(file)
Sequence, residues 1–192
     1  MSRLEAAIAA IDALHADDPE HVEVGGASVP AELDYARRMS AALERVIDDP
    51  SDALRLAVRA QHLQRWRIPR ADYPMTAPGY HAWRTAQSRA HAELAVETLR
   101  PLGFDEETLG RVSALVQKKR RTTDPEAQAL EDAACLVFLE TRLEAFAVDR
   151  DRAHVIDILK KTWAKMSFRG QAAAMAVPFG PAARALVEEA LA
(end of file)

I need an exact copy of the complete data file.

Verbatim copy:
Sequence, residues 1–192
     1  MSRLEAAIAA IDALHADDPE HVEVGGASVP AELDYARRMS AALERVIDDP
    51  SDALRLAVRA QHLQRWRIPR ADYPMTAPGY HAWRTAQSRA HAELAVETLR
   101  PLGFDEETLG RVSALVQKKR RTTDPEAQAL EDAACLVFLE TRLEAFAVDR
   151  DRAHVIDILK KTWAKMSFRG QAAAMAVPFG PAARALVEEA LA